The High Arctic camel lived at least 3.4 million years ago during a warmer period in a boreal-type forest environment. Paleoenvironmental reconstruction shows that in the mid-Pliocene the camel would have been living in a landscape that supported a boreal-type forest, dominated by larch trees. At the time, global temperatures are estimated to have been 2 to 3 degrees warmer than today, whereas locally, in the Strathcona Fiord area, temperatures would have been 14–22°C warmer. Mean annual temperature would have been around freezing, with cold and snowy winters.>>
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Re: APOD: A Gegenschein Lunar Eclipse (2015 Oct 14)

Postby retrogalax » Wed Oct 14, 2015 8:08 pm

Nice

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Re: APOD: A Gegenschein Lunar Eclipse (2015 Oct 14)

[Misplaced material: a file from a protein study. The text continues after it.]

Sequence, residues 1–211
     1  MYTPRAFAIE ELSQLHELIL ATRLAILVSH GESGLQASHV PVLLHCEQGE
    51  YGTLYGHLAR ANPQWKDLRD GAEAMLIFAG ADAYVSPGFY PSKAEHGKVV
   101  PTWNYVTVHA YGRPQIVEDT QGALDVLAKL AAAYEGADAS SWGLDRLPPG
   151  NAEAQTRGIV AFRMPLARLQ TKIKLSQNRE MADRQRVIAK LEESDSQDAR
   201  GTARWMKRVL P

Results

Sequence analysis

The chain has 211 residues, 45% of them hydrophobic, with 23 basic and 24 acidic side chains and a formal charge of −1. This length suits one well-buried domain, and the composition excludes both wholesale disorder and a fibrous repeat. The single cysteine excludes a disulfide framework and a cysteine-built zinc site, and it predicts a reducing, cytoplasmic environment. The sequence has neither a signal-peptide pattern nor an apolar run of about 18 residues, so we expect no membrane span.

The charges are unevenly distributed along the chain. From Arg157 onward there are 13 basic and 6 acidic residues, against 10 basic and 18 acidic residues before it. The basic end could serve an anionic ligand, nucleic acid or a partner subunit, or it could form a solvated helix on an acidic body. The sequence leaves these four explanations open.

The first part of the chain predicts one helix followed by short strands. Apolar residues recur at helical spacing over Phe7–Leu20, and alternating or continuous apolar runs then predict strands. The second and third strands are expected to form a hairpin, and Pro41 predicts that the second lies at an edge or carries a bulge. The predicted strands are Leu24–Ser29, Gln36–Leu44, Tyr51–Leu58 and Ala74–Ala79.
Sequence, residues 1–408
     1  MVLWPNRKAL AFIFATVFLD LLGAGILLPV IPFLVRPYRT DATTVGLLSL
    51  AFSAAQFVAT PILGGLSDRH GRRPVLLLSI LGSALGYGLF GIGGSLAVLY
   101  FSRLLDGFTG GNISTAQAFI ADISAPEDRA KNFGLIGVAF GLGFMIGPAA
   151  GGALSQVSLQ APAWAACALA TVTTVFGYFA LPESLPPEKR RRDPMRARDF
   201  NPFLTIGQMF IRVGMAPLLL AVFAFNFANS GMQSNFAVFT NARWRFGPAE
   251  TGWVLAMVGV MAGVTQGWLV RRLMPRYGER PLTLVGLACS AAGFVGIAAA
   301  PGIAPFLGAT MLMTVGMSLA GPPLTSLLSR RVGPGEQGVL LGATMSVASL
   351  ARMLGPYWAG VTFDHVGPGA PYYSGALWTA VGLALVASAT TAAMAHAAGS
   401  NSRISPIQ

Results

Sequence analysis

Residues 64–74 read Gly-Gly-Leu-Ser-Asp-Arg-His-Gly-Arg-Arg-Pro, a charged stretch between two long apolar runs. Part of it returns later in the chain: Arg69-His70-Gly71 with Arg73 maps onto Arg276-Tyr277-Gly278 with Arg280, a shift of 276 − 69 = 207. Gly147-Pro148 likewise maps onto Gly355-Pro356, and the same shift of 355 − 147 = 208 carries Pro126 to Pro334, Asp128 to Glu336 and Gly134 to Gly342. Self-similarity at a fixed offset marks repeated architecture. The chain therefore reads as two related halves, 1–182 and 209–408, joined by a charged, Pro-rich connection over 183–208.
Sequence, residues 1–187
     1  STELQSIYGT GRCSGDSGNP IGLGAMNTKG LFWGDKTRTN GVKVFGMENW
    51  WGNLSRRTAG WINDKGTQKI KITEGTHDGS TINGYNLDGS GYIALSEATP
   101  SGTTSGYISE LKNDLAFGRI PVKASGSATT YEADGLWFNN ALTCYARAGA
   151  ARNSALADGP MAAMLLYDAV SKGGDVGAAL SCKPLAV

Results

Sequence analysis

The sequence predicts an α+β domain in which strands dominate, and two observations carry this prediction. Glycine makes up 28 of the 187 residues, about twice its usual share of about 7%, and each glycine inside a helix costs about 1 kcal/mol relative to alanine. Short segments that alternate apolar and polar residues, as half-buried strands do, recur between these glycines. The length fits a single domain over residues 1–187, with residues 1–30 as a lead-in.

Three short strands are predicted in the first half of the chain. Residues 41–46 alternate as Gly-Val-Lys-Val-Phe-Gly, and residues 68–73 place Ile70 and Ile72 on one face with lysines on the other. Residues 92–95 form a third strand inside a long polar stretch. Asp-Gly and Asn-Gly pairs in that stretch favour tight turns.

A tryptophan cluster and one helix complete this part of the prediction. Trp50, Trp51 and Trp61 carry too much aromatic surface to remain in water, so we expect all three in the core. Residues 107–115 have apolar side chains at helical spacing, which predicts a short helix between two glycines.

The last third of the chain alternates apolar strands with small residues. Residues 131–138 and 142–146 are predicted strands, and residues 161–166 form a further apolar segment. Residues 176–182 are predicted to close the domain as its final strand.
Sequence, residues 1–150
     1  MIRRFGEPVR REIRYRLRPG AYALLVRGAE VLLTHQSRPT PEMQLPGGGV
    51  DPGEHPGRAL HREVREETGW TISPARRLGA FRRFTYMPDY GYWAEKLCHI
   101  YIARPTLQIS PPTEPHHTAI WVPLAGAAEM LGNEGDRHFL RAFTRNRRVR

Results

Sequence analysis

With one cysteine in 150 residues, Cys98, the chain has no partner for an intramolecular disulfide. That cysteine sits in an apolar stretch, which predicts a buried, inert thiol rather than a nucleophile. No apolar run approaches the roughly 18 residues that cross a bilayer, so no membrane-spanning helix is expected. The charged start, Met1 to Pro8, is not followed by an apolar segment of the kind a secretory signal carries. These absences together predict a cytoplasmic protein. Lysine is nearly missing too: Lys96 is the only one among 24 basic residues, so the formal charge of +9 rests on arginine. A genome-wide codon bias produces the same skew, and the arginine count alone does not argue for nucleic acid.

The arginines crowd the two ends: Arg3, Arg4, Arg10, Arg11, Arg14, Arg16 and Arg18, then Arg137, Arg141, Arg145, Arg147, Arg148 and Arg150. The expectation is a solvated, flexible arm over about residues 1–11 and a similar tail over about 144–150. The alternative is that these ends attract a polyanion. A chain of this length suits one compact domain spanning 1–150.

Postby neufer » Wed Oct 14, 2015 8:21 pm

https://en.wikipedia.org/wiki/Namib-Nau ... ional_Park wrote:
<<The Namib-Naukluft National Park is a national park of Namibia encompassing part of the Namib Desert (considered the world's oldest desert) and the Naukluft mountain range. With an overall area of 49,768 km2 larger than Switzerland, the Namib-Naukluft is the largest game park in Africa. A surprising collection of creatures survives in the hyper-arid region, including snakes, geckos, unusual insects, hyenas, gemsboks and jackals.>>
https://en.wikipedia.org/wiki/Deadvlei wrote:
<<Deadvlei is a white clay pan located near the more famous salt pan of Sossusvlei, inside the Namib-Naukluft Park in Namibia. Also written DeadVlei or Dead Vlei, its name means "dead marsh". The pan also is referred to as "Dooie Vlei" which is the (presumably original) fully Afrikaans name.